Meanwhile, they're all staying at a swanky hotel where they haven't paid rent, and can't, and here comes the playwright, a smiling mannequin-faced man in what might've been the Zeppo role. 

Crammed into a plot that doesn't fit them, the Marxes try, but Harpo doesn't play the harp, Chiico doesn't play the piano, and Margaret Dumont wasn't invited. Lucille Ball and Ann Miller co-star, but neither are given anything funny to do. Groucho does his wacky walk and raises the eyebrows, but nothing feels inspired.

Toward the end, the all-white cast sings the negro spiritual, "Swing Low, Sweet Chariot." Then, they sing it again. There's also a flying turkey, which Harpo tries to bludgeon with a baseball bat.

Show this to anyone as their first Marx Brothers movie, and they'll never want to see a second.

Verdict: NO.

♦ ♦ ♦

Who Farted? (2019)

Billed as the first climate change comedy, this documentary is an hour and a half of fart jokes tangentially related to the 'cows and methane' problem.

Takes a long time getting to the cattle, though. First we get fart cartoons, whoopie cushions, a fart-themed story from The 1001 Arabian Nights, and urgent philosophical questions such as: Should one be embarrassed at farting? Should one allow oneself to fart in the presence of one's dearest love?

Most folks, I daresay, have these questions answered by their second date.

There's a brief interview with Dr Rui Wang, fartologist, and buckets and buckets of childish jokes, so I think children might mildly dig this movie, even come away a little more aware of climate change and the joy of farting.

For adults, though, it's a bore. The narrator isn't funny, and says everything he says far too slowly, and the only jokes are fart jokes.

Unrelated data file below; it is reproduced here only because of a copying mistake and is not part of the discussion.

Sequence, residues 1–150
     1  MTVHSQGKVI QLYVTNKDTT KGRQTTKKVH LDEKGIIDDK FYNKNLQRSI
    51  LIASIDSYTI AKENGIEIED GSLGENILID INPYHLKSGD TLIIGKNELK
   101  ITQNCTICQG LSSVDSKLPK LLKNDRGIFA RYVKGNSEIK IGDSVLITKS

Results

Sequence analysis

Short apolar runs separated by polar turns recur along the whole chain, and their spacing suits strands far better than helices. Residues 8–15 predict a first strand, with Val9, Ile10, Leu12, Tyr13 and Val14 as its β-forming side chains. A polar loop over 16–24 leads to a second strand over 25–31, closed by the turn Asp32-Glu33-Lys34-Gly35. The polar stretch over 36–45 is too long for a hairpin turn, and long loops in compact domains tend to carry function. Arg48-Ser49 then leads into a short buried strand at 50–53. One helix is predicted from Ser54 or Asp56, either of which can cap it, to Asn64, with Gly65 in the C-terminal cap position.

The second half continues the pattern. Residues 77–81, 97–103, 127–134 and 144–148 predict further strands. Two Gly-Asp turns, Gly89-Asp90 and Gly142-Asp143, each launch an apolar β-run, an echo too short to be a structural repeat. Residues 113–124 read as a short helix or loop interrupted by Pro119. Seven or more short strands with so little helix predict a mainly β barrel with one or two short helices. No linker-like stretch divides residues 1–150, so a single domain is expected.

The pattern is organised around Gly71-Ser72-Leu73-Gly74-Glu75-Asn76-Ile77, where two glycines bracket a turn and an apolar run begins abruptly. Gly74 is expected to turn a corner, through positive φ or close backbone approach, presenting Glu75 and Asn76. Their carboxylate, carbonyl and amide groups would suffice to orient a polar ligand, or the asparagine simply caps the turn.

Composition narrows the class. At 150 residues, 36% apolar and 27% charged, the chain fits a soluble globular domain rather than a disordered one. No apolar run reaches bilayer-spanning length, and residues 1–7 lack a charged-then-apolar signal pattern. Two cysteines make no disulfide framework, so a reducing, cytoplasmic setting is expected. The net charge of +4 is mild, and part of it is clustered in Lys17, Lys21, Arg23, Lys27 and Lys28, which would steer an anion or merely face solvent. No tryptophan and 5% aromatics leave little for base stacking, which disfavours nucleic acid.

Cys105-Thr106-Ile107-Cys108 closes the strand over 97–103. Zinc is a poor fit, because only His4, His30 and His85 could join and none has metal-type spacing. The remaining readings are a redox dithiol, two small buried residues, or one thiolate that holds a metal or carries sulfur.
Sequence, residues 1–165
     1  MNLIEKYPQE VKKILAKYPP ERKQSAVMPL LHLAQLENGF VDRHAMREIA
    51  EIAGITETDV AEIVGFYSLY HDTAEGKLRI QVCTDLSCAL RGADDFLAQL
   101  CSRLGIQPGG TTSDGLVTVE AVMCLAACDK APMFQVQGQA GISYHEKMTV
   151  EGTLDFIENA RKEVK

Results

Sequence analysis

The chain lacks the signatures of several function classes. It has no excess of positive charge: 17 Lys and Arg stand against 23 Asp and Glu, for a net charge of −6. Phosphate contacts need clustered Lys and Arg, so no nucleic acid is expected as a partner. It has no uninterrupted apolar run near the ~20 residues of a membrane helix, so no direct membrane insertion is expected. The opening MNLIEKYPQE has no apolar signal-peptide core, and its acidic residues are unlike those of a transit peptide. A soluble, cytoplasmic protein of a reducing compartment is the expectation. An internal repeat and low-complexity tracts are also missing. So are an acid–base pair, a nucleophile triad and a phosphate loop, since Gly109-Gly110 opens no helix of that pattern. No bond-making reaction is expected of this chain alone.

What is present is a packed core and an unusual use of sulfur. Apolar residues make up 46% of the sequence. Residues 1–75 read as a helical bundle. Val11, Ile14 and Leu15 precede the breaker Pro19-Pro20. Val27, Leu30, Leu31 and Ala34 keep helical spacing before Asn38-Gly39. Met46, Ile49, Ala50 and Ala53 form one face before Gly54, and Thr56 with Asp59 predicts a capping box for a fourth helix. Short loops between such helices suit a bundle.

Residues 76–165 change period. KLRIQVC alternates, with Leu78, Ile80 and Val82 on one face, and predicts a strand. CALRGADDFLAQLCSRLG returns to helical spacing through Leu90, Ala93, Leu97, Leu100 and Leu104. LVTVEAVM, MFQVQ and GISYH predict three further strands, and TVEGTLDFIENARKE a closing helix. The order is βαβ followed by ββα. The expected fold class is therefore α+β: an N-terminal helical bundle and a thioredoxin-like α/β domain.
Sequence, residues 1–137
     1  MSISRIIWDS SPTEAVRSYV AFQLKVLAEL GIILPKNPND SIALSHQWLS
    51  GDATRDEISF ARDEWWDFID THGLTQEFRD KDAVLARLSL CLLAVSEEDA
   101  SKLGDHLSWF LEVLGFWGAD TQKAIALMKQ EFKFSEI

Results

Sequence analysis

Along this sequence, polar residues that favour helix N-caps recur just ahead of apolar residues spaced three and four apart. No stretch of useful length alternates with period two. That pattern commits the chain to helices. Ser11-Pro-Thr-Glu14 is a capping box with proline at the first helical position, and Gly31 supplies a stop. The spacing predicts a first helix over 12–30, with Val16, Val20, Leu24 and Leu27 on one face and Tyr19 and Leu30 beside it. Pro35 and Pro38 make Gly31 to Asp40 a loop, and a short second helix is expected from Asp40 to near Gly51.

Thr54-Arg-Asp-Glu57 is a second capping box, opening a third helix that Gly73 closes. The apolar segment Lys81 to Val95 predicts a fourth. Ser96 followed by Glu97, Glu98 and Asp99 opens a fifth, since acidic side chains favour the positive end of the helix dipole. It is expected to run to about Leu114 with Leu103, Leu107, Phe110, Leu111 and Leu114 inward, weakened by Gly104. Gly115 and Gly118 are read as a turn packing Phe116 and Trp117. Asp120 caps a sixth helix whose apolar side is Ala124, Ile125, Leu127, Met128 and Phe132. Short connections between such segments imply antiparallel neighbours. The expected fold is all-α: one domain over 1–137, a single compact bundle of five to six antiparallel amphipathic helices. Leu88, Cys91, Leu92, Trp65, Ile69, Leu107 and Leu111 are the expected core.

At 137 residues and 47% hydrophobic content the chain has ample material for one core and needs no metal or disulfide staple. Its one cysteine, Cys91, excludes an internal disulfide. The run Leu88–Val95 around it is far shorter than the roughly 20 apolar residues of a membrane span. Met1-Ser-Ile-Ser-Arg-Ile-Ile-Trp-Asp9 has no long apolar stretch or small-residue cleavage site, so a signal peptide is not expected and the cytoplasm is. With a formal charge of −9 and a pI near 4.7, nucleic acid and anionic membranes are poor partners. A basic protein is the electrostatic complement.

Verdict: MAYBE.


• • • Coming attractions • • •

Army of Shadows (1969)
Auto Focus (2002)
Barton Fink (1991)
Between the Lines (1977)
Cellular (2004)
The Dark Glow of the Mountains (1985)
Gods of Times Square (1999)
Frankenhooker (1990)
Greystoke (1984)
Hugo (2011)
The Importance of Being Earnest (1952)
The Lawyer (1970)
Not of This Earth (1957)
The Saint in New York (1938)
Same Kind of Different as Me (2017)
The Shooting (1966)
The Spook Who Sat by the Door (1973)
The Train (1964)
Welcome to New Orleans (2006)
Winter Soldier (1972)

... plus occasional 
schlock and surprises 

There are so many good movies out there — old movies, odd or artsy, foreign or forgotten movies, or do-it-yourself movies made just for the joy of making them — that if you only watch whatever's on Netflix or playing at the twenty-plex, you're missing out.

To get beyond the ordinary, I recommend:

AlterCineverseCriterionCultCinema ClassicsDocsVilleDustFandorFilms for ActionHooplaIHaveNoTVIndieFlixInternet ArchiveKanopyKinoCultKino LorberKorean Classic FilmChristopher R MihmMosfilmMubiNational Film Board of CanadaNew Yorker Screening RoomDamon PackardMark PirroPizzaFlixPopcornFlixPublic Domain MoviesRareFilmmScarecrow VideoShudderThoughtMaybeTimeless Classic MoviesVoleFlixWatchDocumentaries • or your local library

Some people even access films through shady methods, though of course, that would be wrong.

— — —

Illustration by Jeff Meyer. Reviews are spoiler-free, or at least spoiler-warned. Click any image to enlarge. Arguments & recommendations are welcome, but no talking once the lights dim, and only real butter on the popcorn, not that fake yellow stuff.